III. The Future: Price Stability, Firms, and the Economy

Moderate Inflation and Room for Policy Responses

So far, I have looked back on the past and talked about recent changes in the wage and price situation in Japan. Now, I will turn the clock forward to the future. By "future," I'm referring to a state in which the virtuous cycle between wages and prices will have been achieved. I would like to consider what this cycle would mean to firms and Japan's economy as a whole.

In standard economics, the most obvious benefit of a slightly positive inflation rate is larger room for monetary policy responses to an economic downturn. The primary transmission channel of monetary easing is lowering interest rates to stimulate economic activity. When inflation continues to be 0, nominal interest rates accordingly are low and there is little room for reducing them further. In contrast, in a state in which the inflation rate continues to be positive, nominal interest rates are higher, providing room to substantially lower interest rates if necessary. It is considered that conducting monetary policy effectively reduces the risk of the economy deteriorating significantly or reverting to deflation. This view is widely accepted around the world, and I believe that greater economic stability as a result of securing room for monetary policy responses will have a significant positive effect on firms as they formulate their business plans.

Effects on Resource Allocation and Other Factors

Moreover, based on Japan's experience, I think that, if wages and prices start to move, this will likely add to the positive effect just mentioned on the overall economy.

As I have explained today, a key feature of the low-inflation environment that Japan fell into was the strong bias toward the status quo in wage- and price-setting behavior, which resulted in prices of many items being unchanged. This meant that relative prices between individual goods were less likely to change and the market's price discovery function was less effective. As a result, it may have become inefficient to allocate resources, which may have led to reduced productivity of the economy as a whole. The same is true for wages. While I believe that it was important to maintain employment during difficult times by freezing base pay and cutting bonuses, if a situation where wages do not increase easily continues even after these difficult times pass, the allocation of labor and changes in the wage system will become static. If the situation becomes such that wages increase every year, this could lead to more efficient allocation of labor through setting wages flexibly. In this regard, changes have been seen recently as the labor market has tightened, such as an increasingly active labor market for regular employees looking for new jobs. These developments are also expected to benefit the economy as a whole, as they promote the appropriate allocation of human resources to areas where they are most needed.

Impact on Firms' Behavior

So, how will this movement in wages and prices affect the business community?3 As part of its review of monetary policy from a broad perspective, which was initiated this spring, the Bank of Japan is currently conducting a large-scale survey of firms. In the survey, it is asking firms about whether and why a state in which wages and prices move or do not move is preferable for them, as well as common questions regarding their views on corporate behavior over the past 25 years and recent changes in this behavior. Many of the firms represented by you have also participated in the survey, and I would like to thank you for your cooperation.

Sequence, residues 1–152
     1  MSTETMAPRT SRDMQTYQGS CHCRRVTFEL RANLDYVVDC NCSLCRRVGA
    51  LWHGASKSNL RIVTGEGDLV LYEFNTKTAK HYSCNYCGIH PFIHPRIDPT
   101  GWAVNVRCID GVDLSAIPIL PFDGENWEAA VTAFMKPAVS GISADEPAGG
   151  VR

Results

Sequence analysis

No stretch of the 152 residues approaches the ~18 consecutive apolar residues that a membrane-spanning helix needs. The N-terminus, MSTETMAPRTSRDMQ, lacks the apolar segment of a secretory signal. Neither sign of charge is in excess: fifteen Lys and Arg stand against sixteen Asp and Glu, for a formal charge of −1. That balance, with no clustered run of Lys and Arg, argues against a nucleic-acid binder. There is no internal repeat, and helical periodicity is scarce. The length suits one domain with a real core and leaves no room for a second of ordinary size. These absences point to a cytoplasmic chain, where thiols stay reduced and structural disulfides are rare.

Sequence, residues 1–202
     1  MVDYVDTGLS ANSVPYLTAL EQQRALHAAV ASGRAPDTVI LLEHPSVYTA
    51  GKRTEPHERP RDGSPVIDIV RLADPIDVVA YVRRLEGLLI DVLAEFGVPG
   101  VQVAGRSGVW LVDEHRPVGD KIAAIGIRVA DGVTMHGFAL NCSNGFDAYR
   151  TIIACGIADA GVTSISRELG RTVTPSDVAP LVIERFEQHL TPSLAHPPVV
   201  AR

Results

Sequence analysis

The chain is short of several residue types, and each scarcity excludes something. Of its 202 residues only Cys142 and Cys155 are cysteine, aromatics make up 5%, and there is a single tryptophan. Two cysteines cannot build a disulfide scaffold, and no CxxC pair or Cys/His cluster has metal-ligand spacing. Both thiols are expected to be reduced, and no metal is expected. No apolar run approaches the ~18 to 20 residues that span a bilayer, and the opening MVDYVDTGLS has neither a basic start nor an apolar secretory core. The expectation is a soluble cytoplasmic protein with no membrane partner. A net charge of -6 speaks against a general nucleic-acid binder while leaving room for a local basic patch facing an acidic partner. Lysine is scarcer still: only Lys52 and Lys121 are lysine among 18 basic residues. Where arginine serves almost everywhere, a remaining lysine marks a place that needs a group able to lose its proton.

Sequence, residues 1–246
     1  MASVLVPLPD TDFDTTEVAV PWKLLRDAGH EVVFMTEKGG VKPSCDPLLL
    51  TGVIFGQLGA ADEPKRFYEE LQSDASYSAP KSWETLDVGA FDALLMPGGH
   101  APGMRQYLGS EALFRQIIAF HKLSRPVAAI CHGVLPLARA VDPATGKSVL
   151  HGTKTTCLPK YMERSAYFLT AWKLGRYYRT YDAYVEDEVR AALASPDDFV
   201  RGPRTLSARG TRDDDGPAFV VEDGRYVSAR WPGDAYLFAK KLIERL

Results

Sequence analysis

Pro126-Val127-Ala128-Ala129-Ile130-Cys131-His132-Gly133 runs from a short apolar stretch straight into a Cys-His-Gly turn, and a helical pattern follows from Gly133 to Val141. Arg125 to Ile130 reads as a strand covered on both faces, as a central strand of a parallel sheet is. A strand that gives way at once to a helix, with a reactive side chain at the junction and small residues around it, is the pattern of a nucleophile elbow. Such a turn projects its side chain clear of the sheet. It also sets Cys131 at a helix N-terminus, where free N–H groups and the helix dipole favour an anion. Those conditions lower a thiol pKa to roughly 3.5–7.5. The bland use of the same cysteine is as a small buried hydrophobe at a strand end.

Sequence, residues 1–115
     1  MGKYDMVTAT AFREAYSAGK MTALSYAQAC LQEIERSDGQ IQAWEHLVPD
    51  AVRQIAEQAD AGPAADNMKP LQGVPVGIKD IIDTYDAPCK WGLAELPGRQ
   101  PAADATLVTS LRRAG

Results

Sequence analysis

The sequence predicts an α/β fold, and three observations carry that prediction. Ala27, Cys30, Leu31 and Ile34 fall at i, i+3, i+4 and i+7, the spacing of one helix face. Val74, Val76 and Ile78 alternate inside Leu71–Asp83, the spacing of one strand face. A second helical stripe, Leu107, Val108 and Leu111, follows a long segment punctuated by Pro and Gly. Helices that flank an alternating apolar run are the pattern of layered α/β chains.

While the Bank aims to understand the views of the business community through such dialogue, one possible hypothesis at this time is that, in a state in which wages and prices move in general, it will be easier for individual firms to do so as well. For example, if wages and prices move, it may be easier than in the past for firms to be more flexible in their wage and price setting and their product strategies when formulating business plans. There is no shortage of issues and topics for firms to address, such as digitalization and labor saving amid the expected continuation of labor shortages, decarbonization and other climate change responses, and strengthening supply chains. In this new environment, if firms take these issues as a business opportunity and show a higher tendency to move proactively, the positive impact should permeate throughout the economy.

Of course, the shift to a state in which wages and prices move will present new challenges for firms. Whether it is recruiting and retaining employees or developing pricing and product strategies, firms may need to find different approaches than what they have taken thus far, including investment in new groups of people and resources. I strongly hope that firms will take full advantage of the benefits that should arise in a state in which a virtuous cycle between wages and prices is achieved, and that they will strengthen their positive moves.

  1. 3While there are not many theoretical or empirical studies examining this effect, one example is a series of studies by Professor Watanabe Tsutomu of the University of Tokyo on the effects of low inflation and a deflationary environment on the economy and firms' behavior. See, for example, Watanabe, T. and Watanabe, K., "Defure-ki ni okeru kakaku no kochokuka: Gen'in to gan'i," Bank of Japan Working Paper Series, no. 16-J-2 (February 2016) (available only in Japanese).

Concluding Remarks

The time for my speech is running out. Today, I talked about the past, present, and future of the wage and price situation in Japan.

I would like to conclude my speech by turning the clock to the present again. Firms' wage- and price-setting behavior is changing and the likelihood of achieving the price stability target of 2 percent in a sustainable and stable manner is gradually rising. In order to ensure these developments, the Bank has patiently continued with monetary easing, aiming to facilitate a favorable environment for wage increases. Going forward, it will carefully examine economic developments and closely monitor whether the virtuous cycle between wages and prices will intensify -- in other words, whether wages will be raised in reflection of price rises and such wage increases will be reflected in selling prices. By doing so, the Bank aims to appropriately assess whether the price stability target has been achieved in a sustainable and stable manner.

Thank you very much for your attention.